Over the course of 14 days this August, I traveled down the calm waters of Labyrinth and Stillwater Canyons of the Green River and the raucous and roiling waters of Cataract Canyon on the Colorado River. I went on this journey after a summer of conducting interviews and thinking critically about the role of the outdoor recreation economy in rural communities in the American West. Spending 14 days on the river felt like the ideal bookend to the summer—a way to consider what I’d learned, away from other distractions, as well as be reflexive as I contemplated the ways in which my own experiences of outdoor recreation validated or differed from the narratives I identified from my research. Here are a few thoughts from that journey.
The Green River is not, in fact, a green river. The Green River’s water is red and hot and heavy. Like blood. Like blood, the Green River is a lifeline—one of the arteries of life in the red rock desert of southeastern Utah. The Green River, though the water is red, does allow for many shades of green vegetation to grow on the banks. The dusty blue green of sharp smelling juniper. The brighter green of willows hanging low on the water. The sickly green of invasive tamarisk, clinging to the banks, planted by early colonizers to control the river. The hubris of some humans, to think that they can control a river.
On the banks of the Green River, I sat in a puddle of shade, provided—for a moment—by the red rock cliffs that rose above. The cliffs were Wingate sandstone—a formation from the early Jurassic or late Triassic ages, some 200 million years ago. In the present echoing the past, like a shout bouncing between canyon walls, 200 million years ago, the place I sat was also a desert—windswept, dry, and arid. Miles and miles of sand dunes 100 feet tall. After millions of years, the Wingate had transformed from soft sand dunes to sharp cliffs, vertical cracks splitting the faces of rocks. From a distance, these cracks appear like clean cuts, razor sharp edges. Is it the blood of the cliffs that make the river red? I thought idly, craning my head to the rim of the canyon until I felt dizzy. Licking my dry, cracked lips, I took a sip of warm, heavy water. Though we had settled the Green’s silty water to something pure enough to drink, the water was still mineral and thick. The blood of my cracked lips mixed with the blood of the water and no matter how deeply I drank, I still felt vaguely thirsty.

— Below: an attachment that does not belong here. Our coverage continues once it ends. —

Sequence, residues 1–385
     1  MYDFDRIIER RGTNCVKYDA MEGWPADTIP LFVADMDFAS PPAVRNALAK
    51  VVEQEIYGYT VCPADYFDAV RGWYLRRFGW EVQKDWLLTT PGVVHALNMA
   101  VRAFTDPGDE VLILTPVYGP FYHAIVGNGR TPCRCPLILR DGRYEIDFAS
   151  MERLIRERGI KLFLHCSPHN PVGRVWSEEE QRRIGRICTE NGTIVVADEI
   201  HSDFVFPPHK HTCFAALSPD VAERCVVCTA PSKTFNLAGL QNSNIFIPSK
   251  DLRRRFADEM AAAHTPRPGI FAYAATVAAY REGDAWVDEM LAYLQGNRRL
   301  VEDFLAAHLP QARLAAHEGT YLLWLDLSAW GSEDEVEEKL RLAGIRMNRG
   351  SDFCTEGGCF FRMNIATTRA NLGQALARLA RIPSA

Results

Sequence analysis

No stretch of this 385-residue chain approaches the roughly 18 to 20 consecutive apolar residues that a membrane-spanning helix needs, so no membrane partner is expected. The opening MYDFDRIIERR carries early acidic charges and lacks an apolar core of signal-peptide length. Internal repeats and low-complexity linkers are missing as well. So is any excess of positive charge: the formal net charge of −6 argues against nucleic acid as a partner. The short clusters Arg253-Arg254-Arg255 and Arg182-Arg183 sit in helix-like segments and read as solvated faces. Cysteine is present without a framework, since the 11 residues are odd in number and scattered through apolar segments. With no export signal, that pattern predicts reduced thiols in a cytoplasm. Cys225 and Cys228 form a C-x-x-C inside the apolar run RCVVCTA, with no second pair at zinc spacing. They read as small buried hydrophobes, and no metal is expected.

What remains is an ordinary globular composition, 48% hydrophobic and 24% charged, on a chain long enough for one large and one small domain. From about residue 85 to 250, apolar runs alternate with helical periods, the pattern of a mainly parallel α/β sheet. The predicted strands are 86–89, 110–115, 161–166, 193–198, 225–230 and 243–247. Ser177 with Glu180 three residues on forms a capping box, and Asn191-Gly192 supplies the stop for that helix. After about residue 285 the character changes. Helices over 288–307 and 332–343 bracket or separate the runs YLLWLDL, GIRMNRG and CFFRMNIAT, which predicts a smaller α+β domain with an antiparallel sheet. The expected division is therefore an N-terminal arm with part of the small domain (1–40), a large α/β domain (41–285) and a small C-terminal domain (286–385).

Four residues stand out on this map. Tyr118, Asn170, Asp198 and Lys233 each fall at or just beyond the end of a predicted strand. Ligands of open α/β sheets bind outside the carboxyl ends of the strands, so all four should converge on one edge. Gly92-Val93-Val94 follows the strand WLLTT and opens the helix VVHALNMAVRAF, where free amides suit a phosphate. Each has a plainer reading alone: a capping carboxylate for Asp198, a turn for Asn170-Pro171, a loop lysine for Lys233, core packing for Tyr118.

The shade provided relief from the hot, demanding sun and 100-degree temperatures. I sat in the shade, a book on my lap, re-reading Terry Tempest Williams’ Red: Passion and Patience in the Desert. Williams writes an elegant equation in the introduction to the book: “Place + people = politics.” This equation is simple, yet profound–true of any place. However, on the banks of the Green River, the truth of the concept felt especially insightful.
Sitting on the banks of the Green River, I felt the intersections of place, people, and politics in a visceral manner. The land I sat on was Bureau of Land Management (BLM) land, public lands violently stolen from the Ute people by Anglo and Spanish colonizers, who stole the land and committed genocide for increased territory and mineral wealth, denizens of manifest destiny.